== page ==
MURFREESBORO, Tenn. (WKRN) – Out of an abundance of caution and the safety of students, the president of Middle Tennessee State University has decided to lock down residence halls on campus all weekend.
This in response to the White Lives Matter rally scheduled to take place in downtown Murfreesboro on Saturday.
It’s not unusual for dorms on campus to lock the doors on weekends starting at 11 p.m. Friday nights. Students have to use their student ID, which serves as a key card and swipe to enter the building.
But come this Friday, the lockdown will begin a lot earlier.
On the campus of MTSU, students were alerted Thursday evening that residence halls on campus will lock from 5 p.m. Friday evening to 6 a.m. Monday morning.RELATED: City of Murfreesboro releases plans for white nationalist rally
“In my first class today, there were a lot of people wondering why was he doing that and concerned about the campus and whether or not they would feel safe,” said student Josh Overton.
The MTSU campus is roughly two miles from downtown Murfreesboro where the White Lives Matter assembly is scheduled for Saturday afternoon.
“It makes me feel safe and it provides a safety for people on campus who are not from this area,” student Devin P. Grimes told News 2.
University President Dr. Sidney McPhee didn’t want to take any chances. He wrote an email to the campus community, which reads in part, “The MTSU Police Department and our partners from city, county and state law enforcement have not received any verified information regarding any potential activities on campus related to the protests.”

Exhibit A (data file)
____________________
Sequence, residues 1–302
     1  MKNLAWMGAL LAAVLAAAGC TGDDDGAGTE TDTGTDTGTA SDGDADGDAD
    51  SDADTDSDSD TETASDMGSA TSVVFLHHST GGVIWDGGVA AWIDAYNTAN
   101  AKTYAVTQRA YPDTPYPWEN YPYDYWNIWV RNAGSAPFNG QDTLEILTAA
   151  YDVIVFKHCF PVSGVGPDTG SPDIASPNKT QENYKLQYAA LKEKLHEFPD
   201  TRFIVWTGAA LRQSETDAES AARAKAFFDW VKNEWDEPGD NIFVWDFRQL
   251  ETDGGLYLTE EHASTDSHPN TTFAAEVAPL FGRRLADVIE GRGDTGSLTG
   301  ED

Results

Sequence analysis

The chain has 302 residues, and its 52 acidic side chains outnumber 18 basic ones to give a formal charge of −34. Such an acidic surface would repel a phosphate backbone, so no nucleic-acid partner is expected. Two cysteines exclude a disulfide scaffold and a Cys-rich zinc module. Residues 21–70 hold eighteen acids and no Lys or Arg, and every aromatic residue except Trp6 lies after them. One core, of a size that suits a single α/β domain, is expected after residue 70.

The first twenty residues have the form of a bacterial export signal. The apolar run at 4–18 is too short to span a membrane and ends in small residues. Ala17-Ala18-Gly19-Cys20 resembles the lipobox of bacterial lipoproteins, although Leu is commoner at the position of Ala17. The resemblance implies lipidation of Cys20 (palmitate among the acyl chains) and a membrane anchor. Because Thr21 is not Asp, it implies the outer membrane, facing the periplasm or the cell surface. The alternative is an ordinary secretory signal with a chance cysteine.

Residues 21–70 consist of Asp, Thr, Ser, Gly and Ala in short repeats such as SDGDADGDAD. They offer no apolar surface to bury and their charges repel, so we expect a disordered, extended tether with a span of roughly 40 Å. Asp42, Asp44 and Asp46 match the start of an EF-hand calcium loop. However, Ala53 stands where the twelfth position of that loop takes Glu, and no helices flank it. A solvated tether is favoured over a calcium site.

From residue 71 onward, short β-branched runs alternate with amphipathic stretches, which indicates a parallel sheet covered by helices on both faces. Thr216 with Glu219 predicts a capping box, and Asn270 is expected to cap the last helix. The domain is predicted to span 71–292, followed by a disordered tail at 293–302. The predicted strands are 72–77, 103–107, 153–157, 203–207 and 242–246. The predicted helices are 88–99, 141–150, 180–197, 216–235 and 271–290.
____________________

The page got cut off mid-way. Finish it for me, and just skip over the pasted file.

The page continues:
Dr. McPhee continued, “However, as the downtown rally approaches, we are monitoring a variety of sources, including from social media, about potential concerns before, during and after Saturday and we are ready to respond if situations warrant.”Click here to read the FULL LETTER.
Student Samantha Goldmann thinks you can never be too careful these days, especially with everything that happened in Ferguson, Missouri.
“… And he’s trying to look out for the better interest of the community,” said Goldmann. “But I think it’s important that the community also doesn’t try and fire back against the protesters just let them do their thing, leave, because if you feed into it it’s just going to give them power.”
Since MTSU is a public university with an open campus, students will not be forced to stay inside for three straight days. They, as well as visitors, will still be able to come and go as they please.
“I think it’s divided 50/50, like a lot of students are planning to go downtown and a lot of students are planning to stay inside,” student Kendrick Williams said. “My advice to students who are going downtown go in groups, don’t be by yourself, stay protected, stay safe. Don’t do anything that could upset our peers or the people around you.”
President McPhee also cancelled the Contest of Champions band competition and postponed the Expanding Your Horizons science event; both were scheduled for Saturday on campus.
The band competition brings in about 3,300 students from all over Tennessee, Kentucky and Alabama.MORE: Events canceled, roads closed due to white nationalist rallies Saturday